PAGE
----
Teamster-happy UPS vexed by worker-choice

As the Teamsters union proceeds with organizing UPS Freight Inc. workers under a new contract, the company’s 300 area hourly employees await an agency’s ruling on a rival union’s attempt to do the same. The Association of Parcel Workers of America lost a second election in February trying to persuade workers to join its group at the UPS Freight terminal in Kansas City, Kan.

However, the group objected to the company’s actions prior to the election. The National Labor Relations Board’s Overland Park office found merit to the objection in that the election notice was posted later than it should have been, said Dan Hubbel, the agency’s regional director.

The local NLRB office recommended to the agency’s principal board in Washington that the election results be overturned again and another one be conducted. Since then, UPS Freight has filed its own objection to the local NLRB’s ruling.

The company argues that the small delay in posting the notice did not affect the second election’s results. The parcel workers group lost the February contest 109-87 after losing by a much wider margin last August.

Van Skillman, president of the parcel workers group, said there should be another election.

“The company knows they’re wrong about the notice,” he said. “If it’s posted late, it’s posted late. They’re hammering away at the workers there now, discouraging them from voting for us next time.”

UPS Freight spokesman Ira Rosenfeld said the company could not comment beyond what’s been communicated to the NLRB.

Meanwhile, the International Brotherhood of Teamsters said more than 9,900 UPS Freight drivers and dockworkers have approved a five-year contract with the company that provides wage and benefit gains.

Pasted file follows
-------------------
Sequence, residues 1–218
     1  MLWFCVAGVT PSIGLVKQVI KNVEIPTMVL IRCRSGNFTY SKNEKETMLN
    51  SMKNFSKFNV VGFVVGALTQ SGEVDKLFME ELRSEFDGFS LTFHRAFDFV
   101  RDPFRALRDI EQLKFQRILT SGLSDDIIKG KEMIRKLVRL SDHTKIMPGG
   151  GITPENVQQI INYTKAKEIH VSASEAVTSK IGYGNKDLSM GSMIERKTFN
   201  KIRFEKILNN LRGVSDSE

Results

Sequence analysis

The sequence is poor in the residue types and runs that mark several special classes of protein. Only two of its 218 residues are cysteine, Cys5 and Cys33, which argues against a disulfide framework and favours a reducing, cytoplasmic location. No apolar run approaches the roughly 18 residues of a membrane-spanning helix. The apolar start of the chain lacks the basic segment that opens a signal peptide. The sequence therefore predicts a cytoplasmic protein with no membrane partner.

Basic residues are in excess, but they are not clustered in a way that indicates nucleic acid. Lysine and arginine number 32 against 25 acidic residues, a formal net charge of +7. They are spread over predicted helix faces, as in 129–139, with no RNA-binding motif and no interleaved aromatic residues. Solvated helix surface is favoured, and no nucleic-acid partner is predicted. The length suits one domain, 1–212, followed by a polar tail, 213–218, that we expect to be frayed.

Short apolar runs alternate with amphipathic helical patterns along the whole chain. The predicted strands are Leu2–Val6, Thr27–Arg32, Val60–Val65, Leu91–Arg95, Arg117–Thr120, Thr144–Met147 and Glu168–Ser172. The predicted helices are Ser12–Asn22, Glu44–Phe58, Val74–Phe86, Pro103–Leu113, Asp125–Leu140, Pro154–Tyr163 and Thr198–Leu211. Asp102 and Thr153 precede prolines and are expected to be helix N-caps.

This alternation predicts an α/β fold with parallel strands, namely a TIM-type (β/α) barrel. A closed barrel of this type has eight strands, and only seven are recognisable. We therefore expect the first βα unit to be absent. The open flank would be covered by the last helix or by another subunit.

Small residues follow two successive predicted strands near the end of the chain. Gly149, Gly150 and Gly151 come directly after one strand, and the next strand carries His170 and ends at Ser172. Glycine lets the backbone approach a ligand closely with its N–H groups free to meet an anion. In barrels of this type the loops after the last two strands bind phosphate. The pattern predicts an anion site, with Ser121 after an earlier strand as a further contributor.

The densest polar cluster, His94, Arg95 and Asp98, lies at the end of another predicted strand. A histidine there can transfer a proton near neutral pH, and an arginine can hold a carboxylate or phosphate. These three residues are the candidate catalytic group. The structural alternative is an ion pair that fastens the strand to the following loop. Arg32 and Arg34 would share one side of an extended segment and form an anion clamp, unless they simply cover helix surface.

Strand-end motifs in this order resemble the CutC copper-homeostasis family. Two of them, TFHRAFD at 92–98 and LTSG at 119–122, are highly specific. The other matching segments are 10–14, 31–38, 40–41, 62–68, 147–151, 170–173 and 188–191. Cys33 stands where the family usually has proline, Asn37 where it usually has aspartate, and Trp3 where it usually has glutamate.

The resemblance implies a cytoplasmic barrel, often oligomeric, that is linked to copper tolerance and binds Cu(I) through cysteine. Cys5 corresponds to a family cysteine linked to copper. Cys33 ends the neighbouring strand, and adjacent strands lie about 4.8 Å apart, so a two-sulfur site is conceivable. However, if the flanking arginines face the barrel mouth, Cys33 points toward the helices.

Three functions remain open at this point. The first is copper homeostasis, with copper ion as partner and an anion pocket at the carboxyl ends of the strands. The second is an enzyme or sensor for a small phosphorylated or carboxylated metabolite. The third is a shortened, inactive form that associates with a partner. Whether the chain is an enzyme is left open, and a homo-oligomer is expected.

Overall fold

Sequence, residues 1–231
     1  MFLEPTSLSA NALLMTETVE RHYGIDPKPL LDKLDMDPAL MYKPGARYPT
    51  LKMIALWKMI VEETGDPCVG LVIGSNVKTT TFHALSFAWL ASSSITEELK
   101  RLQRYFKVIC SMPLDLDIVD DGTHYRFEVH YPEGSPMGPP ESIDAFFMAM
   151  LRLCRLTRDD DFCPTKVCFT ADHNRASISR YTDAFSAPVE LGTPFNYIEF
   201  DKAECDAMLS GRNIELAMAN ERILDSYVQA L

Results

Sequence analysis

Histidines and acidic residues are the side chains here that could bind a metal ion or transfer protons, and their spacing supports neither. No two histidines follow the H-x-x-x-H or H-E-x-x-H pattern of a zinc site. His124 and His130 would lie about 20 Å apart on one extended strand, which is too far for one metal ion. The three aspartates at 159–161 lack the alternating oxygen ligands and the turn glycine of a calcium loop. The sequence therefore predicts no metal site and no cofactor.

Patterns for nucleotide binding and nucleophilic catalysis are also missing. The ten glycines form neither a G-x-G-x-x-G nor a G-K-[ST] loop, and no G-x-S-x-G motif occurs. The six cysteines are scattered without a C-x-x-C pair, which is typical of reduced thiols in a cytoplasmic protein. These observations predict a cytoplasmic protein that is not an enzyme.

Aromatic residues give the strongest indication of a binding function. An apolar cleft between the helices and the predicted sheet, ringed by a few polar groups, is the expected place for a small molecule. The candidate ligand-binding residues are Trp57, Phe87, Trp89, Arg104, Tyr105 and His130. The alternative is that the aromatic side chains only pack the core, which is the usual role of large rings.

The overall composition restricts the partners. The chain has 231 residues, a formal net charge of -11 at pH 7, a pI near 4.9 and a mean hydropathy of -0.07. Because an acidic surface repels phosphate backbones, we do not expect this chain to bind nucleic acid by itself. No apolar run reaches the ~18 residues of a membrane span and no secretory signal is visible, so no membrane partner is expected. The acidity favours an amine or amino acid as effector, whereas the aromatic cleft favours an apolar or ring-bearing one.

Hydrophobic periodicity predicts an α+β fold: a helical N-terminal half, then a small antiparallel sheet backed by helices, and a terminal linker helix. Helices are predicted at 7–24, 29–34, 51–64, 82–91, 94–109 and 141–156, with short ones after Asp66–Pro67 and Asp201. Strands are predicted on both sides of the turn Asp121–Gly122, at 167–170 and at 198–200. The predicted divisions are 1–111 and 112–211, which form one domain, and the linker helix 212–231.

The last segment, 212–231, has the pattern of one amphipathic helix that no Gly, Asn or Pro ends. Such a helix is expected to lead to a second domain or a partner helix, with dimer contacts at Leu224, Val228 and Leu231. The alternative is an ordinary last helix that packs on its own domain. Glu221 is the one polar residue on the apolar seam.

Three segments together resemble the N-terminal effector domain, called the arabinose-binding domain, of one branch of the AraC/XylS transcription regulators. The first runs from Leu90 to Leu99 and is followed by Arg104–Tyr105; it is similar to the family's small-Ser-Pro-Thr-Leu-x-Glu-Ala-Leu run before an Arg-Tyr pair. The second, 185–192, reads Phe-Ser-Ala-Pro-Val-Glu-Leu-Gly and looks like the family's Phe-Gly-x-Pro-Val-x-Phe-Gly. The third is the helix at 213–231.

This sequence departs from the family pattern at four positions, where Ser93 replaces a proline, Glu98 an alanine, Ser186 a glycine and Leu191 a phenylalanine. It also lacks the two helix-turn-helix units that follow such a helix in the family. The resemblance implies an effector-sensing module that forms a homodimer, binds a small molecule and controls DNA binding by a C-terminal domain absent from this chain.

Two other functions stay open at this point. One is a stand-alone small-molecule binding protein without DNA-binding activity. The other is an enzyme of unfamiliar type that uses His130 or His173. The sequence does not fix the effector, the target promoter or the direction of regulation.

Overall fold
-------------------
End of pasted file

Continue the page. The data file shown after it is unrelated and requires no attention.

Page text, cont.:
The Teamsters have been conducting a card-signing campaign at UPS Freight terminals around the country. The company agreed to recognize the Teamsters at terminals where a majority of workers sign cards favoring representation. Once the cards are certified, the company then recognizes the union.

The Teamsters said the card-signing campaign has succeeded in more than two dozen big cities, including Atlanta, Chicago, Cleveland, Dallas, Los Angeles, Phoenix and St. Louis. The union said an additional 2,700 hourly employees at UPS Freight are eligible to sign cards and come under contract.

However, hourly employees at the local UPS Freight terminal may have to wait longer. Another election on joining the Association of Parcel Workers of America remains a possibility. But even if the NLRB in Washington upholds February’s election results that went against the parcel workers group, another labor organization will have to wait one year after the election before being allowed to organize that work force again.


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